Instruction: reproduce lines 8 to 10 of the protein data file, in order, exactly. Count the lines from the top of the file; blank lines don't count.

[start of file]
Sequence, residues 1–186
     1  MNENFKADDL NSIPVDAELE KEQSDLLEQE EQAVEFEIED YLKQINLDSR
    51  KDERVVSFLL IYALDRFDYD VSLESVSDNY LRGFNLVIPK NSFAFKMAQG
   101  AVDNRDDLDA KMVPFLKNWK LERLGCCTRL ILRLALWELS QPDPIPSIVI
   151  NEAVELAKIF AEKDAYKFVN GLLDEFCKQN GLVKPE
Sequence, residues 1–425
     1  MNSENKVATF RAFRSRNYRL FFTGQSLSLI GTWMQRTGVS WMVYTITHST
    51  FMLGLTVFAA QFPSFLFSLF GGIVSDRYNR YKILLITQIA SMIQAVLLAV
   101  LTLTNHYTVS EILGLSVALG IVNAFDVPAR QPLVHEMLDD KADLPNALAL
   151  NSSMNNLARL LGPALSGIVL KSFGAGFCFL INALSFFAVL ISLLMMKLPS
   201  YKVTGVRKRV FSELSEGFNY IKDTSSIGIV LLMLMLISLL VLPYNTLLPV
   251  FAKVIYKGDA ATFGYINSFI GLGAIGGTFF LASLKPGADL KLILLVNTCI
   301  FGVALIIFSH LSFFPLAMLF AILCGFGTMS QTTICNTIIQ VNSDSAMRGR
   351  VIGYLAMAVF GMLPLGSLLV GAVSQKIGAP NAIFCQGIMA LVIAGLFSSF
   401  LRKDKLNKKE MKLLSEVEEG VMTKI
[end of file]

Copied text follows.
    51  FMLGLTVFAA QFPSFLFSLF GGIVSDRYNR YKILLITQIA SMIQAVLLAV
   101  LTLTNHYTVS EILGLSVALG IVNAFDVPAR QPLVHEMLDD KADLPNALAL
   151  NSSMNNLARL LGPALSGIVL KSFGAGFCFL INALSFFAVL ISLLMMKLPS